Another “Quality of Life Issue” must be considered: This high-density neighborhood already has more than its share of crime. It is considered a  "high crime" area. A dense, closed off, "affordable housing" project will only increase this already serious problem.

Sunland-Tujunga is not against “affordable housing.”  Since this dense neighborhood already has more than its share of very affordable, non-government regulated rental units, we prefer to have for-sale housing which provides pride of home ownership and helps to improve the neighborhood.

Despite Councilmember Krekorian’s assurance of community involvement, many community members  have questions.

Has this project been secretly under wraps at the Mayor’s office? In early February, before the community had become aware of the intended development, the Mayor sent a letter to the City Council asking them to pass the $13 million Tax-Exempt Revenue Funding resolution for this "proposed" project.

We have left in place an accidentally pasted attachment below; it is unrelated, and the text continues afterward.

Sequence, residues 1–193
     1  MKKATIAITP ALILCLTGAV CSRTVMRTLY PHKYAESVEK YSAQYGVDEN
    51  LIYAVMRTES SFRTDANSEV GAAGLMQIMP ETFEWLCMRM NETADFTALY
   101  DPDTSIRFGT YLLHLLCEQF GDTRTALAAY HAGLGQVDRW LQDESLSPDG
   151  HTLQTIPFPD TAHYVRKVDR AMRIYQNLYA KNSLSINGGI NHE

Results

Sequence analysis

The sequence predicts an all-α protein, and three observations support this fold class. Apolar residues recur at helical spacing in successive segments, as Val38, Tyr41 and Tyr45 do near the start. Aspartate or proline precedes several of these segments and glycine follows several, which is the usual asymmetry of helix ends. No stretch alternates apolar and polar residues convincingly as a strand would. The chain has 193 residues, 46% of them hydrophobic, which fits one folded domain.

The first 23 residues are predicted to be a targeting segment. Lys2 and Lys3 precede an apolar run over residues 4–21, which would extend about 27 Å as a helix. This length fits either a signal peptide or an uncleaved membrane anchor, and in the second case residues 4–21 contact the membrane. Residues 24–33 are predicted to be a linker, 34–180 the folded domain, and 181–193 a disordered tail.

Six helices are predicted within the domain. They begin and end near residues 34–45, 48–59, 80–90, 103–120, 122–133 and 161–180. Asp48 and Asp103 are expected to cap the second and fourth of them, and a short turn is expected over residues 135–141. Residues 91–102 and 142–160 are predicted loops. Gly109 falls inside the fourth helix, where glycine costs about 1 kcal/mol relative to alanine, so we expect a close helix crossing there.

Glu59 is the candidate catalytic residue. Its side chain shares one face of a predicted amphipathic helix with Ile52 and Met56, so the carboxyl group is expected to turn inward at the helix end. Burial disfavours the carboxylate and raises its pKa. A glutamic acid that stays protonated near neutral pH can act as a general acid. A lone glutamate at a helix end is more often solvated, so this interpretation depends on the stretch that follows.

Why was our community not notified sooner of this action?

If this project is truly in the infant stage of planning, how can the developers know they need funding equal to $13 million?  

How can the city allow this large a project to go forward especially on this street, under the above conditions that also include the  close proximity to a Historical Resource, without a full Environmental Impact Report?

Why, when they came to the Sunland-Tujunga Neighborhood Council’s Land Use committee meeting, did Milare Housing say their proposal was “exploratory only," and that they didn’t own the property yet? They also added that they would have the project approved by July 2011.  

How would  they possibly have had this project approved in four months?

Did  the developers  already select a general contractor because they are a spinoff of another company?

Were their plans actually solidified before they met with our community?  If so, with whom and how much "after the fact” vetting by the community can  actually take place?

Let’s call the Samoa Project exactly what it is - a low income “Housing Project.”